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Batman Chronicles, Vol. 1 Paperback – April 1, 2005

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Product Details

  • Paperback: 192 pages
  • Publisher: DC Comics; First Edition/ First Printing edition (April 1, 2005)
  • Language: English
  • ISBN-10: 1401204457
  • ISBN-13: 978-1401204457
  • Product Dimensions: 6.7 x 0.5 x 10.2 inches
  • Shipping Weight: 6.4 ounces (View shipping rates and policies)
  • Average Customer Review: 4.6 out of 5 stars  See all reviews (66 customer reviews)
  • Amazon Best Sellers Rank: #40,493 in Books (See Top 100 in Books)

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Customer Reviews

This is a great book for Batman fans.
Josh Ralls
I have to say I am really glad I did it is so different from what is coming out now but I just really enjoy seeing how it all began.
I loved this book and plan on reading it a couple times can't wait to get Vol 2 hope it's just as good.

Most Helpful Customer Reviews

122 of 127 people found the following review helpful By Pops Gustav on April 20, 2005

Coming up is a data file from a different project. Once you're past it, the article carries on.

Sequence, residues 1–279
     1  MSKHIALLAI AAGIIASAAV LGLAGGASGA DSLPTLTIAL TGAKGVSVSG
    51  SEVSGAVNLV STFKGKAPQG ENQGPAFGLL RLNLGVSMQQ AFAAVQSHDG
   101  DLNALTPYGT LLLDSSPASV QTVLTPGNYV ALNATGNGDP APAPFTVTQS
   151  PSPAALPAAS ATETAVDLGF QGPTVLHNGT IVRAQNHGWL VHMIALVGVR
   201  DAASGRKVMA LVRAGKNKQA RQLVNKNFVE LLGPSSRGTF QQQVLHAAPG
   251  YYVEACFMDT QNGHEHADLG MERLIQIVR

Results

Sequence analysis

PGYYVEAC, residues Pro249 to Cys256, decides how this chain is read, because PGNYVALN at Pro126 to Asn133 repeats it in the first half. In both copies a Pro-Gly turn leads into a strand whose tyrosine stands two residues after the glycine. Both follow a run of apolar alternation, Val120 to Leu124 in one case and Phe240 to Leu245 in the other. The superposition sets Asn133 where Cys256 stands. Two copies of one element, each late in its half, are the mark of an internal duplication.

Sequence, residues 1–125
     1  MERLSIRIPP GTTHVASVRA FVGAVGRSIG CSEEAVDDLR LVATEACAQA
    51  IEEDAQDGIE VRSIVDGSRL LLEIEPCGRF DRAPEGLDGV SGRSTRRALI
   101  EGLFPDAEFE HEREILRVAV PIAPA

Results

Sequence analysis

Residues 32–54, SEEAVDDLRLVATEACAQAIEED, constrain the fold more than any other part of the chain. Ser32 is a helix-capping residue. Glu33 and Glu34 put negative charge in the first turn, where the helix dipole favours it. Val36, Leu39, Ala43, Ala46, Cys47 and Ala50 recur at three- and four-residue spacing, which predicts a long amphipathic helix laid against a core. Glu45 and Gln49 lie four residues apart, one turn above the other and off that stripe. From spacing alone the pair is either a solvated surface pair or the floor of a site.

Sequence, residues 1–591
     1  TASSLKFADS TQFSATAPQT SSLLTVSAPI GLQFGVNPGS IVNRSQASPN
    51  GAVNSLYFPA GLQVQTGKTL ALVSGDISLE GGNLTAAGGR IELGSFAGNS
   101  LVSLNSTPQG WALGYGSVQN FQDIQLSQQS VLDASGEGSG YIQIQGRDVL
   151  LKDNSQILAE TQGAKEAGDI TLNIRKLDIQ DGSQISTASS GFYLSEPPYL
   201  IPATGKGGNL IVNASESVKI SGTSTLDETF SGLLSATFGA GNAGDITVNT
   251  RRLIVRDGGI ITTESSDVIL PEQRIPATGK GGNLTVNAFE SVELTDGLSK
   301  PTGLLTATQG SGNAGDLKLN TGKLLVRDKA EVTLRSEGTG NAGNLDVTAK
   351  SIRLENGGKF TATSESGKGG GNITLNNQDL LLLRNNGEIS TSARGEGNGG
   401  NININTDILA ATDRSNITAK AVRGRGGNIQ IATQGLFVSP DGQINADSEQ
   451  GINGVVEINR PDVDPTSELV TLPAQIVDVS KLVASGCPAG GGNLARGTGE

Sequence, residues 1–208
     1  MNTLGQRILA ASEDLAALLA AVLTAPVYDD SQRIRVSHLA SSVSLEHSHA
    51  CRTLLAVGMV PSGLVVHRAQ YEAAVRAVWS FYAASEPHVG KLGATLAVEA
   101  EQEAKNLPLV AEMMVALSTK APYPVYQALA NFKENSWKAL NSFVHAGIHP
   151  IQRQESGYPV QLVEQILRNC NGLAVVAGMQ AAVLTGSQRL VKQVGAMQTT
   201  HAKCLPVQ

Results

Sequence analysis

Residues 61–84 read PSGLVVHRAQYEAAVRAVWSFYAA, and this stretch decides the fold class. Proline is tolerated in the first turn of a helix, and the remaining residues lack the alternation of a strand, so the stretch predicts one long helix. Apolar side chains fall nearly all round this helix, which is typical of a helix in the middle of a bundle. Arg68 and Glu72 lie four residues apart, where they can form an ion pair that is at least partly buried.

Format: Paperback
Finally, DC is presenting an alternative to the overpriced, overblown and overproduced Archives Series. While there's still a flood of those books coming, it does appear as if DC is starting to rethink how it's handling its vast library.

The Batman Chronicles Volume One represents a big step in the right direction. This 192 page paperback begins the mammoth undertaking of chronologically reprinting every Batman tale from every comic in which he starred, beginning with "the Case of the Chemical Syndicate" from Detective Comics #27 (dated May, 1939).

The Good: The paper is cheap (a traditionalist, I prefer my comics on matte paper and with gutters!), the price is low and the quality is good. The design of the book is nice and the reproduction is pretty crisp.

The Bad: The physical size of the book is (like the Archives) disproportionate to the original comics, leaving huge margins at the top and bottom of the page while forcing the art too close to the spine. The art is still being recolored and worst of all, there's a distinct absence of historical perspective; The Batman Chronicles lacks even a cursory introduction. The book opens with a table of contents (that thankfully gives writer and artist credits), and does reprint the covers along with the stories, but some more context would be appreciated.